Here’s a before picture, including myself sitting around hard at work:
I sat down and began to pull weeds. There were quite a few sucker (leggy green) branches that were shooting up from the base of the tree, some of these were poking right into my face as I weeded. It’s generally a good idea to cut off these suckers, especially when they’re often growing out of the rootstock of a grafted tree. The rootstock is usually something fairly fast-growing, and it’s grafted onto the bottom of a slower-growing good-fruiting variety tree. Suckers grow off of the good fruiting varieties, too, and should be cut there, too – as they generally are less strong than other branches and I think that they generally fruit less.
I got our my loppers and started cutting away some of the suckers. To see into the interior of the tree, I pulled off some of the leaves… and I got to thinking… it’s the middle of December and this peach tree still has its leaves. Usually these leaves are falling in November or so, and we pull of the last of the leaves as we prune in December. It’s good to denude the tree of leaves when pruning for a few reasons: it signals the tree to go dormant for a bit, and it takes away old dead leaves that can pass diseases on to the new leaves.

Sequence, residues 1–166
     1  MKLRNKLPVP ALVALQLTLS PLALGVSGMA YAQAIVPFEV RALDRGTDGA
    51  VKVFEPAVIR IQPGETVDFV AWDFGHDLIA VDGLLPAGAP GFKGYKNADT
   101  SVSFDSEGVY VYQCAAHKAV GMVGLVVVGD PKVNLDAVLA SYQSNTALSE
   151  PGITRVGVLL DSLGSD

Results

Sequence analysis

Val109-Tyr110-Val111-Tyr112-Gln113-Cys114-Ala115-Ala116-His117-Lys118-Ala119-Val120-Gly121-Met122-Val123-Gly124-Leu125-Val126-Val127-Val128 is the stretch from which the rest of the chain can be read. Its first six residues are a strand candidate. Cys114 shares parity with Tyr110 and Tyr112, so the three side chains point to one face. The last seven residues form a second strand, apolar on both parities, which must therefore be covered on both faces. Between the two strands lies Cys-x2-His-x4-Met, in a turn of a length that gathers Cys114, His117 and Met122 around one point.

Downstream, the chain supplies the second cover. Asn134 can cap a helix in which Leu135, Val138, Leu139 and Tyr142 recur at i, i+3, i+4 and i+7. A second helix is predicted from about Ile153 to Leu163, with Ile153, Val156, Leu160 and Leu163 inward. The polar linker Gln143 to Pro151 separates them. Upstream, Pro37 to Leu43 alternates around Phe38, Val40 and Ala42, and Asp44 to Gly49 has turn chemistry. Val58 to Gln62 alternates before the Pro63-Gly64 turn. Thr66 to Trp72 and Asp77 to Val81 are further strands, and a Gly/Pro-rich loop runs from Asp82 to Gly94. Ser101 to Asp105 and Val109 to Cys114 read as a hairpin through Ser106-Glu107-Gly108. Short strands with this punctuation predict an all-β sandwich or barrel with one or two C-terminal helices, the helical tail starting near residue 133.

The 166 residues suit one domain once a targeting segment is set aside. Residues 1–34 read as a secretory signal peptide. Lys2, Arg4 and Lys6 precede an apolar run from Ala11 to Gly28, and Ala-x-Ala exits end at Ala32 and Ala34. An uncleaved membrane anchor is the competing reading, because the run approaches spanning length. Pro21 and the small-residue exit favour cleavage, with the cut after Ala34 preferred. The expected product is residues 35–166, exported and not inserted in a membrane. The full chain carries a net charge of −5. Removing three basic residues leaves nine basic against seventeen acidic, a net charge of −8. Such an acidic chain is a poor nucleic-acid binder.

We’ve had such a warm fall that our leaves haven’t really fallen much (as seen in the photo above.) I think it’s a sign of global warming… which is disorienting some of our plants. We had serious record-breaking heat waves in September and even into late October, and a lot of the fall vegetables are behaving a bit erratically – growing crooked and drunken-looking. This is mostly the cabbage family – a lot of the broccoli and cauliflower seems more stunted stunted and twisty than usual… Onions, too. To me it seems as if they’re disoriented by the summer weather, but it could be just soil or neglect or natural variation.